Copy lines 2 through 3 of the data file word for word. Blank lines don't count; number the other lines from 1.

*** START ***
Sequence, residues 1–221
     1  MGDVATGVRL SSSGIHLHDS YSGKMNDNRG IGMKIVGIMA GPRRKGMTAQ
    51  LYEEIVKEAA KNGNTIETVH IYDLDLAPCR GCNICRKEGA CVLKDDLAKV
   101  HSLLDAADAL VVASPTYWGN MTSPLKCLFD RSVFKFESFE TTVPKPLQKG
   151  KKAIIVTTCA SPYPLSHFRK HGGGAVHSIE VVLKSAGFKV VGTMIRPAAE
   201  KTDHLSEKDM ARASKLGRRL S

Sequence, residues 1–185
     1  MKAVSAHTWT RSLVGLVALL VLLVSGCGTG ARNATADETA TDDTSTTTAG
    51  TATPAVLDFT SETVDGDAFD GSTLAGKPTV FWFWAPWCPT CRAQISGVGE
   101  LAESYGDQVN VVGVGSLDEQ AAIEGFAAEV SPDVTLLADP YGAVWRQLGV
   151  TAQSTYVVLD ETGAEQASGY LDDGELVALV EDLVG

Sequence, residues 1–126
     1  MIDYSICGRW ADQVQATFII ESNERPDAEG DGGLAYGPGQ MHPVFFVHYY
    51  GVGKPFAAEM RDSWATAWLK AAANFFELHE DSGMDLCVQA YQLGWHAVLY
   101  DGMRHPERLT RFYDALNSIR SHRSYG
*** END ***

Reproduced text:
     1  MGDVATGVRL SSSGIHLHDS YSGKMNDNRG IGMKIVGIMA GPRRKGMTAQ
    51  LYEEIVKEAA KNGNTIETVH IYDLDLAPCR GCNICRKEGA CVLKDDLAKV